Saturday, March 17, 2018

Educational Book Recommendation - An Ethic of Excellence by Ron Berger

Despite the advent of the kindle and e-books, educational books are still best bought in paper. Here is my recommendation to support your own research and development. 

An Ethic of Excellence

"...Drawing from his own remarkable experience as a veteran classroom teacher (still in the classroom), Ron Berger gives us a vision of educational reform that transcends standards, curriculum, and instructional strategies. He argues for a paradigm shift - a schoolwide embrace of an "ethic of excellence." A master carpenter as well as a gifted teacher, Berger is guided by a craftsman's passion for quality, describing what's possible when teachers, students, and parents commit to nothing less than the best. But Berger's not just idealistic, he's realistic - he tells exactly how this can be done, from the blackboard to the blacktop to the school boardroom....." from
A superb book. Many schools are searching for that mystical jump from good to outstanding. In this book Ron Berger outlines how children are encouraged to explore projects and that the excellence/outstanding is a culture that is developed over many years. He used the collection of portfolios of examples of the very best work. These were then used each time a project was started. Examining these portfolios was an active process where the best features or characteristics were highlighted. Ron Berger shares these stories with a wonderful narrative voice that carries you easily through the text. Great book.  

Saturday, January 13, 2018

Step into Headship - Term 2

Think I am overly focused on the inspire part
Strategic plan, the needs of the five new teachers, building maintenance, new contractors, recruitment for next year, interviewing for a new deputy head, regular visits to the Mainsite the list goes on and getting into class slips from my fingers. 

I'm ridden with the guilt of needing to set an example in every department. Displays - must try to do one of the best in the school, assemblies - must sing and dance and have one of the most significant messages, teach a lesson - must have the children going home talking about it to their parents as a memorable lesson. I know it's not sustainable. I know it's not achievable but still the guilt persists. Is this the same guilt that drives teachers to commit the hours extra of their time to ensure the children get the best?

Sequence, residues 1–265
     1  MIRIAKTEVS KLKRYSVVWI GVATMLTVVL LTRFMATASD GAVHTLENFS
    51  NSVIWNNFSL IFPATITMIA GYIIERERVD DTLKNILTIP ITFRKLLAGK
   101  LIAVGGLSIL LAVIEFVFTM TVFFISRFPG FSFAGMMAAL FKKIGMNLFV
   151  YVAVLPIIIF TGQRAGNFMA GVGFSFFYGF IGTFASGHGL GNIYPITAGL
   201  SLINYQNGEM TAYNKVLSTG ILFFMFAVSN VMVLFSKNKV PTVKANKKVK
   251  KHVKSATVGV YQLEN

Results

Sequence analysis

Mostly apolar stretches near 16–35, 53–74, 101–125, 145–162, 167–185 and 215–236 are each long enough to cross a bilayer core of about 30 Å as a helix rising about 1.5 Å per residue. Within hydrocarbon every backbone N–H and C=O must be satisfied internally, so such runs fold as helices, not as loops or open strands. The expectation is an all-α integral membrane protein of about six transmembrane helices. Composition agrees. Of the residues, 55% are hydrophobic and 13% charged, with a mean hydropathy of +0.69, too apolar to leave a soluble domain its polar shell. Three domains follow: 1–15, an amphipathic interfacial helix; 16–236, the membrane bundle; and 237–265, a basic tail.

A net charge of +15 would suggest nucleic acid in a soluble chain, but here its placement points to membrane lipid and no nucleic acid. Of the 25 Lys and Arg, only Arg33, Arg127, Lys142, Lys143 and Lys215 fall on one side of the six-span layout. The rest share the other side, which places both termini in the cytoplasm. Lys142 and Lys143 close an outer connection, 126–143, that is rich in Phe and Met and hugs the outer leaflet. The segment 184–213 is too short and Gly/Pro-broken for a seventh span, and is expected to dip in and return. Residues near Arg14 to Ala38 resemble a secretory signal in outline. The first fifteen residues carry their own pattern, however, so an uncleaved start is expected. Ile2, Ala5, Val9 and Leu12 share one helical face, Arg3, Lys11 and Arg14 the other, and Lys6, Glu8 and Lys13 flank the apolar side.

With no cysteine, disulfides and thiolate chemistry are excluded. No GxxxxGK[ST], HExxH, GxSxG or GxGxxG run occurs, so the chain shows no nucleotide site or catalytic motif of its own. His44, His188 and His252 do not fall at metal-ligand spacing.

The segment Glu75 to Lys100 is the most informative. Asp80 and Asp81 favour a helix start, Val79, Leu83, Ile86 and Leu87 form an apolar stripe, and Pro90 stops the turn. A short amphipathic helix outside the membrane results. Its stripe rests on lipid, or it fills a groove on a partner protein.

Almost at this point - just not quite yet!
So what's the answer? I ask myself what will count as success over the course of the year. I choose two elements that if I am successful in, I will feel that I can count it as a good first year. First of all - the parents have identified the joint schools'  events as a source of stress and teachers and middle mangers have made similar comments over the last year. This will be one of my targets. Secondly, the school will go through a BSO (British Overseas Inspection) later in the year. I will use this as the second marker. To come out of that without any significant weaknesses and to give pointers on our road to success. 

So to next week. Interviews, assemblies and more importantly - at the top of my list is to get into all the classes and spend some time working with children and talking about where they are up to. 

Friday, October 13, 2017

Step into Headship - The Beginning

With almost five weeks gone and three to four weeks preparation in the summer before that, I feel that I have lived a lifetime as a new head. In reality it is barely a drop in the ocean. It was a list of firsts that had to be ticked off.

  • My first admin meeting
  • My first leadership team meeting
  • my first day with all my teachers in
  • My first briefing to the teachers
  • My first setting the tone for the year briefing
  • My first day with the children in 
  • My first Parent's Introductory Evening

Each left with the thought - roll on one year. I kept thinking that when I got through the firsts, I would get to routine. And in the routine I would be able to find the time to do the things that I most wanted to do. But in actual fact, each of these moments were powerful moments. Each of these times, I opened my philosophies up for examination. Each of these times I shaped the thoughts of those around me in how they viewed me. Each of these times I built the way that the team would react to me when asked to do what I want.